Chapter

Operating Room Fires and Electrical Safety

Stephan Cohn and P. Allan Klock

in Quality and Safety in Anesthesia and Perioperative Care

Published on behalf of Oxford University Press

Published in print September 2016 | ISBN: 9780199366149
Published online October 2016 | e-ISBN: 9780199366170 | DOI: https://dx.doi.org/10.1093/med/9780199366149.003.0018
Operating Room Fires and Electrical Safety

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Understanding electrical systems and fire safety protocols in the operating room is fundamental to patient and staff safety. Modern operating rooms are designed to reduce the risk of electrical hazards. Line isolation transformers were developed in the era of explosive anesthetics to reduce the risk of sparks and macro-shock. Isolated electrical supplies are still used in operating rooms because they allow surgery to continue while the line isolation alarm is activated and the source of the fault is investigated and deactivated. Ground fault circuit breaker interrupters may also be used in operating rooms, but if a fault is detected, they will deactivate the electrical circuit, which may be disruptive to surgical or anesthetic care. Micro-shock occurs when a small amount of current is delivered directly to the myocardium via an indwelling catheter or pacing wire. Operating room fires, though relatively rare, can cause devastating patient injury but are largely preventable.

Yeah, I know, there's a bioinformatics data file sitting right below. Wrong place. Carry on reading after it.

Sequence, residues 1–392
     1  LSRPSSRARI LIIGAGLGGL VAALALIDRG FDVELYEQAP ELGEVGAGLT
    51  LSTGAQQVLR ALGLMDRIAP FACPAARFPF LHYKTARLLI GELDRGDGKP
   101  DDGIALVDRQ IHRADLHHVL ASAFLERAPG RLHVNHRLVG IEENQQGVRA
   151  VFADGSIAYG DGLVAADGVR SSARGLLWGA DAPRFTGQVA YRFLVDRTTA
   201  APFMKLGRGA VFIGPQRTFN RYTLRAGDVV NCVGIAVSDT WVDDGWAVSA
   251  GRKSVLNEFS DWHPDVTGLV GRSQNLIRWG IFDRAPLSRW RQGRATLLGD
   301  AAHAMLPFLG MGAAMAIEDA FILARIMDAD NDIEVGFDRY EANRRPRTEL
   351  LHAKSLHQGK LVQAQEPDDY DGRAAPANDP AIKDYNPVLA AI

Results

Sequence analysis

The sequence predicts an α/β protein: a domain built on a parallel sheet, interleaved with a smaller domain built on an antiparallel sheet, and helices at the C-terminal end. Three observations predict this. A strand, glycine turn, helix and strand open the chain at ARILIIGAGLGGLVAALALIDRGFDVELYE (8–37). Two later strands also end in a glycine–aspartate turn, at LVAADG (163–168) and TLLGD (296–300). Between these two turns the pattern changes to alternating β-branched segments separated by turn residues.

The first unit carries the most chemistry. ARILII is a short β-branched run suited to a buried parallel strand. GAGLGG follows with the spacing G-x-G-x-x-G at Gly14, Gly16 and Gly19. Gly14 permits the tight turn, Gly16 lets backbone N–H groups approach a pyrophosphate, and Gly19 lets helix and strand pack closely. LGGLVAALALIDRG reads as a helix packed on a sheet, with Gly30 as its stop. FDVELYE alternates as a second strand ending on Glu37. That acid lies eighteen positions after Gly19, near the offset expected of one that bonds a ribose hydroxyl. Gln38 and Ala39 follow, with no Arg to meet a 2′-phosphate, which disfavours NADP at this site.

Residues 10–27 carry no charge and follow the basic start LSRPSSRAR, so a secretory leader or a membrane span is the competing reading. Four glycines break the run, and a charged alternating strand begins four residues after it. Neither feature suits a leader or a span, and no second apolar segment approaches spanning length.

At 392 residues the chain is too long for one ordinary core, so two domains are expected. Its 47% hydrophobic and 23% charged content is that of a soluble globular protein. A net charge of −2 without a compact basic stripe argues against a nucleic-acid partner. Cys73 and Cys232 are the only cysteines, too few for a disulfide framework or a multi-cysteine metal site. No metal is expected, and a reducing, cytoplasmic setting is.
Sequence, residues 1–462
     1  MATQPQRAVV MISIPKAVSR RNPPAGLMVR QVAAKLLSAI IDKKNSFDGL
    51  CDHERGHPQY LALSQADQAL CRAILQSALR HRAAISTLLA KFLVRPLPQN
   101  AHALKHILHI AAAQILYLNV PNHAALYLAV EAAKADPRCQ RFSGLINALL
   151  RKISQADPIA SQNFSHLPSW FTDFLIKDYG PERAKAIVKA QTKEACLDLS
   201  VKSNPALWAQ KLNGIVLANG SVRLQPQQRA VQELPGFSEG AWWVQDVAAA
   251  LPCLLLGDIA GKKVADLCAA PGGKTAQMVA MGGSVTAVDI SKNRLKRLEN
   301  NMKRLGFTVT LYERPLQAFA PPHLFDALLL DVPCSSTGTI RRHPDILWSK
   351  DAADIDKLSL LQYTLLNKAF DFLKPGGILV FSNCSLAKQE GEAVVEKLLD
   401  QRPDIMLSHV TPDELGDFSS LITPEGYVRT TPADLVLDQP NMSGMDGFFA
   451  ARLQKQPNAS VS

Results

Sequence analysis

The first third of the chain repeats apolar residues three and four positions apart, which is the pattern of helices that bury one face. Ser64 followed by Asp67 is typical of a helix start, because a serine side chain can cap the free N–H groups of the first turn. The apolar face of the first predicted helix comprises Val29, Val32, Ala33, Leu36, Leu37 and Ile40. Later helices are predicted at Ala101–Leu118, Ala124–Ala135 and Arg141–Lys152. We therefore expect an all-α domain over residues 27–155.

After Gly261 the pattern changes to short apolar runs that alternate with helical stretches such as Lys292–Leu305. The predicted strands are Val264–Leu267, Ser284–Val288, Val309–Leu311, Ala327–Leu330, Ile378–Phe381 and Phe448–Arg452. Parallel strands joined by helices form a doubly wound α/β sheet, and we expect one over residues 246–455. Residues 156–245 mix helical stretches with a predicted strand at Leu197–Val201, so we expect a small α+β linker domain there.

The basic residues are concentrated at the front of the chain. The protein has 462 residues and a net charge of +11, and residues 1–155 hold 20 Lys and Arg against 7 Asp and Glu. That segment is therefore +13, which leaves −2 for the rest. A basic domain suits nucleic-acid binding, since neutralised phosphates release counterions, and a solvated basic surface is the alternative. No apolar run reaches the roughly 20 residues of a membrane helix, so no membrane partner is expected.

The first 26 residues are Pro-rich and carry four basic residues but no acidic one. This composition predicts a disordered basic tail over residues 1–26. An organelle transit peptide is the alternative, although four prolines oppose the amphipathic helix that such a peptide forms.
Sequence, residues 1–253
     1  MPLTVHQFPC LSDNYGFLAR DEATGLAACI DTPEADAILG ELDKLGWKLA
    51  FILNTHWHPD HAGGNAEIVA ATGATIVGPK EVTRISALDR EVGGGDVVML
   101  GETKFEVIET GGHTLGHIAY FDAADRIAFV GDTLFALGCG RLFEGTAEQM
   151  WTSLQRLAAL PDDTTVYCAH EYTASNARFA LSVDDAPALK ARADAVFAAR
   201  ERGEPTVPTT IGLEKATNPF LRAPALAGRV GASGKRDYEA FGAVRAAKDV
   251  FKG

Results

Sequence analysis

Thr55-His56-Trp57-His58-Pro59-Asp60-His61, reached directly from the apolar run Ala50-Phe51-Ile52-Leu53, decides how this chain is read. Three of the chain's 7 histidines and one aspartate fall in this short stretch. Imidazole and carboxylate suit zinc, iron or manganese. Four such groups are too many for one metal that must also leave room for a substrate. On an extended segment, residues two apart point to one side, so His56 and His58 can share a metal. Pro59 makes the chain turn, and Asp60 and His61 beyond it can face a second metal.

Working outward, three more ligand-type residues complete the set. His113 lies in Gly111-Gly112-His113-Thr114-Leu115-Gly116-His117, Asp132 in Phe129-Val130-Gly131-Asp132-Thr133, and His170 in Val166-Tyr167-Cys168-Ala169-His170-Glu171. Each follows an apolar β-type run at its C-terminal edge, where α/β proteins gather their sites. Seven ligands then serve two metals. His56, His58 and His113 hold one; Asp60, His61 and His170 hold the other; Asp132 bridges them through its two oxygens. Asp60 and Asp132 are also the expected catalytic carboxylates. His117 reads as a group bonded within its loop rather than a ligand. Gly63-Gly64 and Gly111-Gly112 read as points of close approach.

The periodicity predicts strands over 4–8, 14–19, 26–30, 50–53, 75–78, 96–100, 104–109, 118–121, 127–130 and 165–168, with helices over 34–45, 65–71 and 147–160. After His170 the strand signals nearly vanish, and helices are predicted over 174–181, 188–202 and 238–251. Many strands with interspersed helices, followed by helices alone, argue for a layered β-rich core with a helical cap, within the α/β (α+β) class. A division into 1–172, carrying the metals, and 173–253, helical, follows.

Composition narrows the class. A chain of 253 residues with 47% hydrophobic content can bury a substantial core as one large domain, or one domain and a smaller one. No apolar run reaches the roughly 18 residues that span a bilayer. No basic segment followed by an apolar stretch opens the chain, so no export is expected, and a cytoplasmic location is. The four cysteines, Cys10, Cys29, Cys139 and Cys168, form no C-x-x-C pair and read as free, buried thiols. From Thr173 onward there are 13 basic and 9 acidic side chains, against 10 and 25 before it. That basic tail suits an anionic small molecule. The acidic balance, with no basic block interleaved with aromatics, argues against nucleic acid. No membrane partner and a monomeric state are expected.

Chapter.  5871 words.  Illustrated.

Subjects: Anaesthetics ; Peri-operative Care

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